The United States and Israel lost voting rights at the United Nations Educational, Scientific and Cultural Organization (UNESCO) Friday after missing a deadline to repay dues the countries had accumulated since Palestine became a member to the world body.
In 2011, the U.S. and Israel cut off tens of millions of dollars in annual contributions after the Paris-based body admitted Palestine as a member. Palestine's admission to UNESCO was referred to as "tragic" by Israel and "regrettable" by the U.S..
U.S. laws from 1990 and 1994, slammed by Rep. Keith Ellison (D-Minn) as "antiquated" and "a bad idea," prohibit funding to any UN organization to which Palestine is a member.
"The decision to withhold the dues was in the interest of the foreign policy 1 percent—Israel and its most hard-line supporters in the U.S.–not in the interest of the rest of us," wrote Middle East analyst Phyllis Bennis in the wake of the 2011 move. "There has rarely been a clearer example of domestic politics—in this case influence of the pro-Israel lobbies—undermining national interests," Bennis continued.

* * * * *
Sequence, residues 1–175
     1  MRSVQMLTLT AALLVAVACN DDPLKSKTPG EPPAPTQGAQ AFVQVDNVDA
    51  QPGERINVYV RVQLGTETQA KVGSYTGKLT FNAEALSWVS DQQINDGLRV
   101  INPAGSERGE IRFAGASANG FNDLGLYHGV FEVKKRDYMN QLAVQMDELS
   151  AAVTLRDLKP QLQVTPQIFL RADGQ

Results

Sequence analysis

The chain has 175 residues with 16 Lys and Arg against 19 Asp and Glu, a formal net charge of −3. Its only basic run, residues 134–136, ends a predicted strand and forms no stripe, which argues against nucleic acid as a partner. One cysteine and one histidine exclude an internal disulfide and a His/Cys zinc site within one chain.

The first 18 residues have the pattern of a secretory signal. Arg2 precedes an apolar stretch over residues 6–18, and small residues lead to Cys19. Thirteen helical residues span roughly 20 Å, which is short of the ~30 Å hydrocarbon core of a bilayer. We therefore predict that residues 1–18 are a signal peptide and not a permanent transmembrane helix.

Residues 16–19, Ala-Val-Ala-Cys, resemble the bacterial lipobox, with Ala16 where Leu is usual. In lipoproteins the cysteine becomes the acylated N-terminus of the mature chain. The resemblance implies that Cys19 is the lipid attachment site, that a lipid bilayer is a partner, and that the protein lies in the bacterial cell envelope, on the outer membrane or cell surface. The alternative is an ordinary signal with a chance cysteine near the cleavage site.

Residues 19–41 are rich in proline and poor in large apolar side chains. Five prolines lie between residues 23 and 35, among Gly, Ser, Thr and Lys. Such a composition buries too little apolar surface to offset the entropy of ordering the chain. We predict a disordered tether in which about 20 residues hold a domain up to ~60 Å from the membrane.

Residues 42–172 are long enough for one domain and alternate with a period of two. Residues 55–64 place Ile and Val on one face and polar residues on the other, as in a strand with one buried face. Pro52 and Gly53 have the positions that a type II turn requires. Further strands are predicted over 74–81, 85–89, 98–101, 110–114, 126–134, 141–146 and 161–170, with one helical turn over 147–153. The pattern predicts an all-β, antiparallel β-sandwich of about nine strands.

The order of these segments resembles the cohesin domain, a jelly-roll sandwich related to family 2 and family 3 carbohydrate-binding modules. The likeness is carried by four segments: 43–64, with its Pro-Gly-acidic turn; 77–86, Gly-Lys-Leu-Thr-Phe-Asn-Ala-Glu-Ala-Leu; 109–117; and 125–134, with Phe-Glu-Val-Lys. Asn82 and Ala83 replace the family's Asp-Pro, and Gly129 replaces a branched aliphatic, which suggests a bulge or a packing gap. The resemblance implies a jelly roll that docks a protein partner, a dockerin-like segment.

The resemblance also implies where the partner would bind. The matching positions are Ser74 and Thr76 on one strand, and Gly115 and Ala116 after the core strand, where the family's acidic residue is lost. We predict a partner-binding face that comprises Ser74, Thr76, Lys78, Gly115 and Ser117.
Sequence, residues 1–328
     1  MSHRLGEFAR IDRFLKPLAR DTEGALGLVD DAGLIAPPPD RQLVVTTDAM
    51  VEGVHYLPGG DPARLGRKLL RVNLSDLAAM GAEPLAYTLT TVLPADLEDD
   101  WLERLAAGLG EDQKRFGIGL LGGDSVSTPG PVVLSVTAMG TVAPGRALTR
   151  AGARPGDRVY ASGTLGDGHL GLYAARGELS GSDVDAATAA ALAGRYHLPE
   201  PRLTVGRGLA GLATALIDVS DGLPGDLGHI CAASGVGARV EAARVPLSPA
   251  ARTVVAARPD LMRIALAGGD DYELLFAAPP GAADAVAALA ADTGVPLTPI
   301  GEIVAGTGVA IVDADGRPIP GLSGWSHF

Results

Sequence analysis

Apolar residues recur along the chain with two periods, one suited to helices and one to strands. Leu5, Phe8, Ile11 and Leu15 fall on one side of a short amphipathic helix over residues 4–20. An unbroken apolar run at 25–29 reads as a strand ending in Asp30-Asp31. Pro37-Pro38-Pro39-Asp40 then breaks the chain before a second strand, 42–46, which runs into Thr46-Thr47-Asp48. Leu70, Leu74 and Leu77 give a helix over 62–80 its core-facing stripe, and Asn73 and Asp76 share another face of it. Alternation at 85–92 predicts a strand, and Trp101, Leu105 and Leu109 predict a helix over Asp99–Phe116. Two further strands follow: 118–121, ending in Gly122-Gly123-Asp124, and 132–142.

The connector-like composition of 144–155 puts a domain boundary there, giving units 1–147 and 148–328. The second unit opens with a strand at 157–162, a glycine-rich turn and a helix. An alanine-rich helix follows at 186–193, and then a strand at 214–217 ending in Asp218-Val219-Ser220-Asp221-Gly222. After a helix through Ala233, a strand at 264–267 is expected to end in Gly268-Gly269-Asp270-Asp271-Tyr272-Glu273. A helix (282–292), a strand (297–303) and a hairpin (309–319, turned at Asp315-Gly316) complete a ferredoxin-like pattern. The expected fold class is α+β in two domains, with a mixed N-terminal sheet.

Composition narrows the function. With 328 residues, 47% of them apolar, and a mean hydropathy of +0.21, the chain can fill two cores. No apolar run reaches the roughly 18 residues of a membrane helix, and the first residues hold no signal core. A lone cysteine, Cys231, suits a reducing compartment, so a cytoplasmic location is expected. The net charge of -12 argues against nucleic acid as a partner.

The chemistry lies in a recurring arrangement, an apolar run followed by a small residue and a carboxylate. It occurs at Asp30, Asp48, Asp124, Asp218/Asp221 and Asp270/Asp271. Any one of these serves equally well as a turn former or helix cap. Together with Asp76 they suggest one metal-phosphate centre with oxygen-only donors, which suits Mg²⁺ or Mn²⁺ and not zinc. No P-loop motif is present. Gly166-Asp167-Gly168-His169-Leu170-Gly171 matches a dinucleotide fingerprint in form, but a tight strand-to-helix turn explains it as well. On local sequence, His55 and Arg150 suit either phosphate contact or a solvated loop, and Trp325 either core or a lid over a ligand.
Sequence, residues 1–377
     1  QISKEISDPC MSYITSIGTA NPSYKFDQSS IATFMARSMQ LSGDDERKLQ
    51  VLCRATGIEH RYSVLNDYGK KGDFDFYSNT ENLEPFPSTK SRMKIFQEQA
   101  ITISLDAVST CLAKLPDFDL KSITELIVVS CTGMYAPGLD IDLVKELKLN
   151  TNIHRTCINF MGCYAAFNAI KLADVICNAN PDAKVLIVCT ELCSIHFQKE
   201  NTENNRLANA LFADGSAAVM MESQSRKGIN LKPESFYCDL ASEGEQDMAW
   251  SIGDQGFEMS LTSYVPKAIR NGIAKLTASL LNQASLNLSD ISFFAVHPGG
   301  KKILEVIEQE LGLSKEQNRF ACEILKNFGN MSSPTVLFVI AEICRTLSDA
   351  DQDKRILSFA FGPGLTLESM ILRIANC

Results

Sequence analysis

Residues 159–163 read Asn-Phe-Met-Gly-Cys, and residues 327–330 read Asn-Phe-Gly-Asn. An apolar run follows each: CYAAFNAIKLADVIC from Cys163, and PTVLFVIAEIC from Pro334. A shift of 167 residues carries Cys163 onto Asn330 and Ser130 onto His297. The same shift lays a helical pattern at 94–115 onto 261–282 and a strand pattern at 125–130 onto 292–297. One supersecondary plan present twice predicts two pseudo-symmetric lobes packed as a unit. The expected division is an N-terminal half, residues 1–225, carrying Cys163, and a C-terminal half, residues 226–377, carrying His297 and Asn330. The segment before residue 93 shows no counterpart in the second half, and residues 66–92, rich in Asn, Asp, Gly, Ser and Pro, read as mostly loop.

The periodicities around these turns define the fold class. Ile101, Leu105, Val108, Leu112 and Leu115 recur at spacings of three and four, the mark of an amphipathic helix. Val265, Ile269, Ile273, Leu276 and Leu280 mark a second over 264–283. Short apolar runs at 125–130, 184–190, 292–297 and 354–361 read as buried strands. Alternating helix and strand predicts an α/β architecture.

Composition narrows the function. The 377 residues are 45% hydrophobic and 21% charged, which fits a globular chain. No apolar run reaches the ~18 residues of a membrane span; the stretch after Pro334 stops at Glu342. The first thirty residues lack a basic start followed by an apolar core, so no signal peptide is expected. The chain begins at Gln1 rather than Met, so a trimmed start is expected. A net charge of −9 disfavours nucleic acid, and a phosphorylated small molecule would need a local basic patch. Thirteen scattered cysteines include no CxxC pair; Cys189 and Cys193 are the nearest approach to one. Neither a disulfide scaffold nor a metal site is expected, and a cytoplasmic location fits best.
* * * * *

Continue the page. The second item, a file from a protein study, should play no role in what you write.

Israel and the U.S. had to meet an 1100 GMT Friday deadline to "provide an official justification for non-payment and a plan to pay back missed dues, a UNESCO source told Reuters," or face suspension of voting privileges
The loss of U.S. contributions makes a critical impact on UNESCO's operations; U.S. funds, amounting to $80 million annually, had provided 22 percent of UNESCO's budget.
Agence France-Presse reports that
With the US and Israel withdrawing their contributions UNESCO's budget fell from $653 million to $507 million. [...]
UNESCO's chief Irina Bokova has raised $75 million to deal with the financial crisis at the agency, which is responsible for selecting and overseeing World Heritage sites and deals with literacy, media freedom, science and environmental issues.
A statement from the U.S. State Department released Friday reads, in part:
UNESCO directly advances U.S. interests in supporting girls’ and women’s education, facilitating important scientific research, promoting tolerance, protecting and preserving the world’s natural and cultural heritage, supporting freedom of the press, and much more. It is in that vein that President Obama has requested legislative authority to allow the United States to continue to pay its dues to UN agencies that admit the Palestinians as a member state when doing so is in the U.S. national interest. Although that proposal has not yet been enacted by Congress, the President remains committed to that goal.